BTW, I don't ever say; 'I've never seen that before', as all that means is 'I' never seen one. This could be all original, however at this point I have to agree with others and Wagriff;

    >>Quality could well refer to the cheaper metals and the poorer alloys being used by necessity due to the war constraints, but it is doubtful that actual gross deformation of design details is the intended reference. Even in true late war manufacture, it would be difficult to accept that such bubbly metal and amateurish design work would have been accepted. - (edit by wagner) <<

    -wagner-

  7. #36

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    Quote by Lakesidetrader View Post
    Dress dagger production ceased in 1942.
    Quality started to fall in 1936 and was quite bad by 1942.
    I never knew this...

  8. #37

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    Wagner: Another point to consider is the fact that the dagger could have been denazified, and many of those were, and later repaired by silver soldering another swaz with wreath. This always leaves excess solder and requires rechasing. Matter of fact, I have done that myself on army, RLB and teno daggers.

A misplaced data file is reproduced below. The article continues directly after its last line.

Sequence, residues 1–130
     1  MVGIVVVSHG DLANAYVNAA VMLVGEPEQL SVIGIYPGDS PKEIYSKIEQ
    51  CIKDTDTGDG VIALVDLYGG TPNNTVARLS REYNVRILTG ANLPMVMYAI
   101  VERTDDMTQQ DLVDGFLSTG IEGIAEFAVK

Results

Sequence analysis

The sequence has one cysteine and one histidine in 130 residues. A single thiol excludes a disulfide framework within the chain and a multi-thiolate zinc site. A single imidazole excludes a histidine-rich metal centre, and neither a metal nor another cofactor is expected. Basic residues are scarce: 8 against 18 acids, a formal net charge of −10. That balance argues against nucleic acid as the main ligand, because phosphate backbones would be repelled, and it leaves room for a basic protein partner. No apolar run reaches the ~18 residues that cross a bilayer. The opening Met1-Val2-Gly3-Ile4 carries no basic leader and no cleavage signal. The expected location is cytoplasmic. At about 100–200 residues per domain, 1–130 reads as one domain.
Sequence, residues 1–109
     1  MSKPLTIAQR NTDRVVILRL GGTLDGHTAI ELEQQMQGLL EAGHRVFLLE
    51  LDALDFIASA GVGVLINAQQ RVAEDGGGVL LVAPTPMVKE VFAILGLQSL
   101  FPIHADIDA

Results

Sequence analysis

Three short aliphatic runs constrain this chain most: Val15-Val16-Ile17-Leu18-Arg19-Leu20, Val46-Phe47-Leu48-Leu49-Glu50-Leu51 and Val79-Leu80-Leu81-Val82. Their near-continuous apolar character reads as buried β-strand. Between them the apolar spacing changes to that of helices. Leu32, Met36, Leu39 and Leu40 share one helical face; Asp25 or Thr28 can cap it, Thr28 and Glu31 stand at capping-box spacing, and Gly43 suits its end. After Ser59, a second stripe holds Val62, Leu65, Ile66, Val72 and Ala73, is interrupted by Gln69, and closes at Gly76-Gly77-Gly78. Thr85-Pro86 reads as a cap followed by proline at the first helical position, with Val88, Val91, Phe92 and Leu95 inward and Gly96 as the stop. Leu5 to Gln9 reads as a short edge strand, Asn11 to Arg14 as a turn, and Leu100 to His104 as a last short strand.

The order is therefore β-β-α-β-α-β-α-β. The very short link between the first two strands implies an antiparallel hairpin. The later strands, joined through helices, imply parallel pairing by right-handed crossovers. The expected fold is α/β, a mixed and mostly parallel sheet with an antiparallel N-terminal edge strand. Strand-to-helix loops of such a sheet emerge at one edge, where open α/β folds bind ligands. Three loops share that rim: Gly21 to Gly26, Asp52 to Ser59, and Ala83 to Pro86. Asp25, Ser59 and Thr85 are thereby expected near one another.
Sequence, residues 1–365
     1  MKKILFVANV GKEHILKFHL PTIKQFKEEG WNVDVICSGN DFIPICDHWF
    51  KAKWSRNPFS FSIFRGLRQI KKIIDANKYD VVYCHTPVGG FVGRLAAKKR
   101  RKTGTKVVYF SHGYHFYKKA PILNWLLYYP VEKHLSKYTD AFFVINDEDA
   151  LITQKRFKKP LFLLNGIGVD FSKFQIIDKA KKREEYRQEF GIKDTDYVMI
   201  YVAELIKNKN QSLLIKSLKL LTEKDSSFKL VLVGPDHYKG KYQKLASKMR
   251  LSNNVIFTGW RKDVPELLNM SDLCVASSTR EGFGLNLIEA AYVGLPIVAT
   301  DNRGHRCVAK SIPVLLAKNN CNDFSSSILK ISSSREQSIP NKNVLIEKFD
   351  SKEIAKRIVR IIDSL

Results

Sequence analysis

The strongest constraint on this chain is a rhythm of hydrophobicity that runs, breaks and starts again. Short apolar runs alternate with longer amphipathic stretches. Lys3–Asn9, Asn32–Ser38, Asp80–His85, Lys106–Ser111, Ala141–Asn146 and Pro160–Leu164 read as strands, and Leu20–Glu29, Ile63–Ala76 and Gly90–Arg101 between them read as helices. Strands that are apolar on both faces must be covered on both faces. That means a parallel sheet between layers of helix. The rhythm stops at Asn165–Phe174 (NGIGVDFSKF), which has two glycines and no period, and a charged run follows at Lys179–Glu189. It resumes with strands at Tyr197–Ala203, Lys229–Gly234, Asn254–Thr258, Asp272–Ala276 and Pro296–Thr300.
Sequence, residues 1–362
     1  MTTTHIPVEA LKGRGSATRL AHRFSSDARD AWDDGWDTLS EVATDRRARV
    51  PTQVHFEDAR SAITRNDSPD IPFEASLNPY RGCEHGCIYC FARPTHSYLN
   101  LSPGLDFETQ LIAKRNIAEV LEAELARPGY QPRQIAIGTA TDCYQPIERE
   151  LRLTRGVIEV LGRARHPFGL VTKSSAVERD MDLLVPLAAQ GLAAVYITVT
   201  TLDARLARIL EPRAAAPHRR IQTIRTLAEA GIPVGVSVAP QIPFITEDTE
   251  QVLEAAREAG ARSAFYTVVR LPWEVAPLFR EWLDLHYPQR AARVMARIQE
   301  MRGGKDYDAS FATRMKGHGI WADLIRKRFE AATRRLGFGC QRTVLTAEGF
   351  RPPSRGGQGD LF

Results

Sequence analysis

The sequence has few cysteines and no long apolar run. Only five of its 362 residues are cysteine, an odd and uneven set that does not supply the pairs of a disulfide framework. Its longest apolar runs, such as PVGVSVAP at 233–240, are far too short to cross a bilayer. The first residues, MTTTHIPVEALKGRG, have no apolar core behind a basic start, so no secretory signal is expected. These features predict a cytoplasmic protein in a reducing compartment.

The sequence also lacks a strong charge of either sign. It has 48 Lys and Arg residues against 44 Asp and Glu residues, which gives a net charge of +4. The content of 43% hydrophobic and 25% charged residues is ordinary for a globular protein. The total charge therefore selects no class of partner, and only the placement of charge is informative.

9. #38

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    True that, Cog...but it's more likely that the entire crossguard was replaced, in view of it's bubbly metal above the wings and the horrendous eagle details. If such a thing happened, I'm thinking that someone cast one from using the old de-nazified crossguard to form the main part of the casting mold and hand carved in the rest to include the missing bit. Unfortunately, the hand carving job was done by, apparently, a drunken grade schooler in shop class. None of the other metal parts exhibit any of this crude metal, so this is looking rather likely. So, unfortunately, this would leave us with a once original and quite costly dagger that was mutilated and extremely poorly "repaired". Where then would this piece be classified? Original with repro repair work? Or would this be, for all sakes and purposes, considered a parts dagger with a non-original crossguard? And what kind of value would be placed on it-if this was the case?